Well, this is… unexpected. According to a new study conducted by researchers at Southampton and Bristol universities, heterosexual men are less likely to use a condom if they find their casual sexual partner attractive.
The group of researchers surveyed 51 heterosexual men between the ages of 18 and 69 by asking them to take part in face-to-face interviews. Participants were shown pictures of 20 different women, and asked to rate how attractive they were on a scale of 1 to 100, before being asked a series of questions.
They were quizzed on what the likelihood would be of them sleeping with each woman if they were single, the chances of them using a condom if they did have sex, how many other men (out of 100) they believe would also have condomless sex with each woman, and the chances of each woman carrying an STD.
The study was small, so should be taken with a huge spoonful of salt. But the results were interesting nonetheless, with the men saying they were more likely to use a condom if they didn’t find their partner attractive.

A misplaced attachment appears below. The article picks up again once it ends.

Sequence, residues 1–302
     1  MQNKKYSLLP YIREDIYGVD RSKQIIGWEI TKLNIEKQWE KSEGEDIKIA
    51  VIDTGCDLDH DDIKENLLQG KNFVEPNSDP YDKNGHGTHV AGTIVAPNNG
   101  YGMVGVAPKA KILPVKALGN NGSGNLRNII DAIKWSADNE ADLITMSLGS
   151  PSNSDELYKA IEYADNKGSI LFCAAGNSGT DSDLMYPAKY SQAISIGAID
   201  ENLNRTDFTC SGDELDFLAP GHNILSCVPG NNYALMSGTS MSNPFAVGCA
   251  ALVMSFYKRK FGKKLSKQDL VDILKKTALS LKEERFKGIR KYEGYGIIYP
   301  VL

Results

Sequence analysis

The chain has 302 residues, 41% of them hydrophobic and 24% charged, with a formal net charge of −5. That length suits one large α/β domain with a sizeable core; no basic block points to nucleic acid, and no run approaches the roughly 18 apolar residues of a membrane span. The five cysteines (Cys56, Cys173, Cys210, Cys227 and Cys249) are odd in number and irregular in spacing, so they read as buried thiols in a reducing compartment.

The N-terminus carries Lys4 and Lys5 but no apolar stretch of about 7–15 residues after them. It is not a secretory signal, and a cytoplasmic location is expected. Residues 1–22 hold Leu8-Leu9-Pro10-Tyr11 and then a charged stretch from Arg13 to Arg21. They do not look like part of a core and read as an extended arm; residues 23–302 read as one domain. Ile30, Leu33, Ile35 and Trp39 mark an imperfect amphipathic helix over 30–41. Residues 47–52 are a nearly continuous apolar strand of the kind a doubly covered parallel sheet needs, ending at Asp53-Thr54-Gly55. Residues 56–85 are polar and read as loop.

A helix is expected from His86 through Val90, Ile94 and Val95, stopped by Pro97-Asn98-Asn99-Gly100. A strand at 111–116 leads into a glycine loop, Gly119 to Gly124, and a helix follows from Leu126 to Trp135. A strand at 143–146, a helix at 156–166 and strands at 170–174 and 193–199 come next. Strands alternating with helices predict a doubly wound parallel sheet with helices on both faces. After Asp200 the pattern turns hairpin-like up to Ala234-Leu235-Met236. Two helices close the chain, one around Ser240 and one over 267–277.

The lead author of the study Anastasia Eleftheriou explained in an email to the Washington Post: “Men are more willing to have condomless sex with attractive women… even though they might believe that those women are more likely [to have an STD].”
The study’s co-author Roger Ingham offered two possible explanations for such a result, noting firstly that it could be because “men want to reproduce with women they find to be more attractive”. His second suggestion was that men might believe sleeping with attractive women is a marker of status, “and so are willing to take more risk to acquire this status”.